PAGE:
At the UN, It’s No to Hindu Rashtra, We are a Secular Country, the Land of Gandhi & Buddha: India

Faced with questions by 112 countries in its third Universal Periodic Review (UPR) before the Human Rights Council of the United Nations (UN), attorney general Mukul Rohatgi, who led the Indian delegation at the, said India makes no distinction between caste, creed, colour or religion of a citizen and is a secular country with no state religion. Another official who was part of the delegation says India is the land of ‘Gandhi and Buddha.’ None of the Hindutva ideologues, neither V. Savarkar nor Guru Golwalkar were mentioned as icons by India in its three and a half long review that concluded at 9.30 p.m. yesterday.

Mukul rohatgi

Several countries queried India on the plight of human rights, especially recent attacks on civil society through the mis-use of provisions of the FCR Act by the Modi government. There was no mention by the spate of lynchings of the minorities and Dalits by ‘Gau Rakshaks’ however. Ghana in its questions and comments made no reference, even obliquely, to the brute attack on African nationals in Delhi recently (this had caused a diplomatic crisis at the time) and the remarks of Israel and Iran –countries on two sides of the ideological and political spectrum—were virtually identical. Haiti however did bring up racism against African nationals in its comments.

Pakistan in its intervention spoke extensively and exclusively of the plight of Kashmiris and the violations by India in the region. Switzerland, Germany, Sweden, Norway, Italy, the Holy See (Vatican) and Canada and the United States asked the most searching questions to the Indian government on aspects of human rights violations especially in the past three years. The last UPR that India faced was in 2012.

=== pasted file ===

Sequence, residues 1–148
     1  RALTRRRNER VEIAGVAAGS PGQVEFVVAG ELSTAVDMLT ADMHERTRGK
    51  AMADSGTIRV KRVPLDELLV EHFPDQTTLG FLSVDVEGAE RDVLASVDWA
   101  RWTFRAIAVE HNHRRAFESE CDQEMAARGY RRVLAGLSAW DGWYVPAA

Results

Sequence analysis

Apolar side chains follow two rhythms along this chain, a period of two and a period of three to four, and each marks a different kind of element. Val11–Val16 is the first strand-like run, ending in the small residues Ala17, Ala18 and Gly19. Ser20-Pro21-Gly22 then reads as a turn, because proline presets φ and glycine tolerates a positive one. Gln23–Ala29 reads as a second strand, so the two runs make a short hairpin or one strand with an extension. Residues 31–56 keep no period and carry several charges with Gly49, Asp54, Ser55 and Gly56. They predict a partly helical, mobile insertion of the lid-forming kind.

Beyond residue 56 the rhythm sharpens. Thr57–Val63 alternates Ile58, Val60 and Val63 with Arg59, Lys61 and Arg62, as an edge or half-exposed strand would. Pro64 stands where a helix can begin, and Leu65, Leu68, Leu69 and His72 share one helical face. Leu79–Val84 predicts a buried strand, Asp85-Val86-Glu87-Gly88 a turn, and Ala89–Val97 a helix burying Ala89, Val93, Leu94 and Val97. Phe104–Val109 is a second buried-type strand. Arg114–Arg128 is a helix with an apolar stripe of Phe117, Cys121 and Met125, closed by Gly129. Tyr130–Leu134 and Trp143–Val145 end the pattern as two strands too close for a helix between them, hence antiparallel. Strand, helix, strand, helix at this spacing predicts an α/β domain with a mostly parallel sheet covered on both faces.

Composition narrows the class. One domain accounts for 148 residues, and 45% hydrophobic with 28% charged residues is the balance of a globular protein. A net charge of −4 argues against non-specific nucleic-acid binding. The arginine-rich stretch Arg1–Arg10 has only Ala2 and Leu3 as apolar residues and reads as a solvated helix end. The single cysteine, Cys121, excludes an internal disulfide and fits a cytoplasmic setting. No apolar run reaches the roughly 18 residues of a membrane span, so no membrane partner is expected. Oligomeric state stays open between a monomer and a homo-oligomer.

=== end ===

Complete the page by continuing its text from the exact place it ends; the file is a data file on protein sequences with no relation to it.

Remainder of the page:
Speaking at the 27th session of the Universal Periodic Review Working Group at the UNHCR here, Attorney General Mukul Rohatgi said that the Indian Constitution enshrines various provisions for the protection of the rights and interest of the minorities. Moreoever, he also said the right to free speech and expression occupies its rightful place in the core of the Indian Constitution. “As the world’s largest multi-layered democracy, we fully recognise the importance of free speech and expression. Our people are conscious of their political freedoms and exercise their choices at every opportunity,” Rohatgi told the member states.On the Armed Forces Special Powers Act, Rohatgi said the Act is applied only to disturbed areas and these areas are very few and in proximity to some international borders.“Whether this Act should be repealed or not is a matter of on-going vibrant political debate in my country,” he said.

On transgenders, he said India has been at the forefront of recognising their equal rights. The Supreme Court gave a landmark judgement in 2014 directing the government to declare trans-genders a “third gender” and included them as an “Other Backward Class” entitled to affirmative action benefits.Rohatgi also mentioned the Supreme Court judgement that reinforced that trans-genders should have all rights under law, including marriage, adoption, divorce, succession and inheritance, Rohatgi added. He said India has made significant progress in addressing the special needs of persons with disabilities through its Accessible India Campaign, and by overhauling its legislative framework on the rights of persons with disabilities and the rights of persons with mental health issues. On global warming, he said India remains alert to the problem and as part of the thrust towards fulfilling its people’s right to a clean environment; it has launched the Swachh Bharat Abhiyan-Clean India Campaign nationwide.

Ironically, Rohatgi, who as attorney general has led the Modi government’s charge in what has been observed to be an assault on the independence of the Indian judiciary, applauded India’s higher judiciary for its ‘independence from the executive.”

The Ministry for External Affairs Statement on the eve of the 3rd UPR may be read here.

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